Arizona Woman Gets Prison Sentence for Hiring Illegal Immigrants

The office manager of a Sierra Vista drywall firm was sentenced to jail today for hiring illegal immigrants in the case of the first worksite enforcement bust in Arizona by the Bureau of Immigration and Customs Enforcement.

According to this news release by the U.S. Attorney's office in Arizona, 44-year-old Carol Hill of Sun Drywall and Stucco must serve two months in prison, followed by one year of house arrest and 36 months of supervised release.

That's a pretty stiff sentence for doing something that thousands of other Arizonans have done in recent years: Hire illegal immigrants.

But Hill and the seven other defendants in the case got swept up in the national anti-illegal-immigrant fervor that compelled ICE to look more closely at employers who knowingly hire unauthorized workers. The bust at Sun Drywall, as part of a larger ICE worksite enforcement effort in the spring of 2007, made headlines across the country. Another Sun employee, manager Edward Durgin, received a sentence of probation over the summer after he pleaded guilty. The company's president, Ivan Hardt, awaits trial.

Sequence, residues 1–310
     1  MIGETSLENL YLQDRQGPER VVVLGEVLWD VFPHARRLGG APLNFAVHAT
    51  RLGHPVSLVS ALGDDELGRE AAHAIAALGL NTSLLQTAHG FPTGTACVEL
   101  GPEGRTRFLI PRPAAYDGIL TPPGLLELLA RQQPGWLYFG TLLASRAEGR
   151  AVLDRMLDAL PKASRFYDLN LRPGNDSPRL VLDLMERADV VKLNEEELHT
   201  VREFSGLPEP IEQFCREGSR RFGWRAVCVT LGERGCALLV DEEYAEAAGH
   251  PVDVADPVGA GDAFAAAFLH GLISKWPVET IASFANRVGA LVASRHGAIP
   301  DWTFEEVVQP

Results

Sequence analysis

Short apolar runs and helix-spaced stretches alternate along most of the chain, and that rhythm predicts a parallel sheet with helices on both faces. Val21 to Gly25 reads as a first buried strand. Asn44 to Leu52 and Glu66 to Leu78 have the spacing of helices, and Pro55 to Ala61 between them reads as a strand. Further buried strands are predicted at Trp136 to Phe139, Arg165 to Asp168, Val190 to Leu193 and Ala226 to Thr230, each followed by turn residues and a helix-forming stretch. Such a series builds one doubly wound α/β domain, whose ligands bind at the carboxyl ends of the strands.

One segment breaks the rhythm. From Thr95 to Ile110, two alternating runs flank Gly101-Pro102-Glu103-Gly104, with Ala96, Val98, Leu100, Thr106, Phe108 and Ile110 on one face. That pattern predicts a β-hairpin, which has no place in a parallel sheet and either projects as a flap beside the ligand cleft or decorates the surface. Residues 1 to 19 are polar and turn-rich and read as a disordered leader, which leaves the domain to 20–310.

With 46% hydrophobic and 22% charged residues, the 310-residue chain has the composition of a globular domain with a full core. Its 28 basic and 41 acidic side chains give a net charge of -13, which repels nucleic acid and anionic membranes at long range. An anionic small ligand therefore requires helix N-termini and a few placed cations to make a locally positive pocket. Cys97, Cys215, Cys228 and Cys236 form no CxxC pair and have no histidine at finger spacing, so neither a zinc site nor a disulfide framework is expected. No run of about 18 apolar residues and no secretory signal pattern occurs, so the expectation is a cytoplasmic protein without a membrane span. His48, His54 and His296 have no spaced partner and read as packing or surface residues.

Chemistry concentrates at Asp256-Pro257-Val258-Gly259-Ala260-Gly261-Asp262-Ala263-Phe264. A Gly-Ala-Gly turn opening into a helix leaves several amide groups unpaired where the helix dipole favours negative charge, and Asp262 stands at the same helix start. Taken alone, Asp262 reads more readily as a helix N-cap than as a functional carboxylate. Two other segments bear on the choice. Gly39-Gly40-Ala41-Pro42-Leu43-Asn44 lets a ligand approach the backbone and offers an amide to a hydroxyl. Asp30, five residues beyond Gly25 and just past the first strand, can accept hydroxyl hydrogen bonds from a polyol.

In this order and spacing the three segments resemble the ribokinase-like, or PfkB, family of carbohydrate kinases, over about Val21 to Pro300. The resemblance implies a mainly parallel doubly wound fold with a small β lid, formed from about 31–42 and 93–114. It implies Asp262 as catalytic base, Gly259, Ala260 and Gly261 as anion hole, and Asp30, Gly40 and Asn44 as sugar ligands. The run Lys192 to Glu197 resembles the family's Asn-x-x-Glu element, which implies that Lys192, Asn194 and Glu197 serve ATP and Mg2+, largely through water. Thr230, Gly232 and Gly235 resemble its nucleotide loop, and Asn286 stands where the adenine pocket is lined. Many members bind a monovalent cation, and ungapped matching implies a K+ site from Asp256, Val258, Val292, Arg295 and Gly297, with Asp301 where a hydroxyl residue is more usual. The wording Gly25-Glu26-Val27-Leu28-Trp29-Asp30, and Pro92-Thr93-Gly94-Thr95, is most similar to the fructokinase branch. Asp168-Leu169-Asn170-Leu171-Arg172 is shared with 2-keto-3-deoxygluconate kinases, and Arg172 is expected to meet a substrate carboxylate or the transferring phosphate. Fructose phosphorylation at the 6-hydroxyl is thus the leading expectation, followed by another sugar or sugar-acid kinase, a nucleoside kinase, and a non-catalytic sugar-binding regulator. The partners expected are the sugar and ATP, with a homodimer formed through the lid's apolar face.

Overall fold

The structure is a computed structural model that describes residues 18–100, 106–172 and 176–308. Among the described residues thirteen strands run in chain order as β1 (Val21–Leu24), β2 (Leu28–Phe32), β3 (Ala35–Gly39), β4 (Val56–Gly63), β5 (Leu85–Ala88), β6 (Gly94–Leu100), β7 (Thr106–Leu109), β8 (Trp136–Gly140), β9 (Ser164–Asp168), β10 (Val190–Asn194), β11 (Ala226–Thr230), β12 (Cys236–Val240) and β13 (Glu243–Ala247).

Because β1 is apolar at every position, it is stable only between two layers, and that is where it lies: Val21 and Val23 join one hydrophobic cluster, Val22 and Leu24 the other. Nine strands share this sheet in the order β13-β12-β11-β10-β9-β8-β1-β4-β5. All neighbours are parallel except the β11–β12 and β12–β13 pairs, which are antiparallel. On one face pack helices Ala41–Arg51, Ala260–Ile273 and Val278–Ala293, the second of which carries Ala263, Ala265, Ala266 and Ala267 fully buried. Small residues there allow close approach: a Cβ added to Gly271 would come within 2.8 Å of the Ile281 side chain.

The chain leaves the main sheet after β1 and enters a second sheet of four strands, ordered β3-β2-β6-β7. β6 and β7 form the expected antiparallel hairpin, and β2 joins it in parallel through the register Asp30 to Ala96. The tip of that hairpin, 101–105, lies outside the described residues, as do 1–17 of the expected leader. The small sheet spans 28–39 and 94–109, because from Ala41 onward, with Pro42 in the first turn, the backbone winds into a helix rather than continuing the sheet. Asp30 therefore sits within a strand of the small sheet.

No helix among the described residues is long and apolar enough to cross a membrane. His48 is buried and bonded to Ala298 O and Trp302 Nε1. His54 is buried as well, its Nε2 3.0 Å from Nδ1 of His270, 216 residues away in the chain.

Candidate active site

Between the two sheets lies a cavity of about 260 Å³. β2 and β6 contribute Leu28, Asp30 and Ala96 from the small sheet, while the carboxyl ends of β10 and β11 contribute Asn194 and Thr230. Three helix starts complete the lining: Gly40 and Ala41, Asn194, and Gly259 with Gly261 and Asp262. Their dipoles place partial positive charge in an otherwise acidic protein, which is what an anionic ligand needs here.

ICE efforts targeting employers continued through this summer, which only seems fair considering all the illegal immigrants being deported these days. If undocumented workers themselves are a problem, it stands to reason the people who hire them are the root cause of that problem -- and should face consequences.

Some worksite enforcement has occurred locally due to the state's employer sanctions law. But that has resulted only in the jailing of Hispanic employees, not their bosses. In fact, the state's law doesn't mandate jail time for employers in violation.

The punishment for Hill and Sun Drywall, however, will undoubtedly instill more fear in employers who hire illegal immigrants. -- Ray Stern

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Ray Stern has worked as a newspaper reporter in Arizona for more than two decades. He's won numerous awards for his reporting, including the Arizona Press Club's Don Bolles Award for Investigative Journalism.
Contact: Ray Stern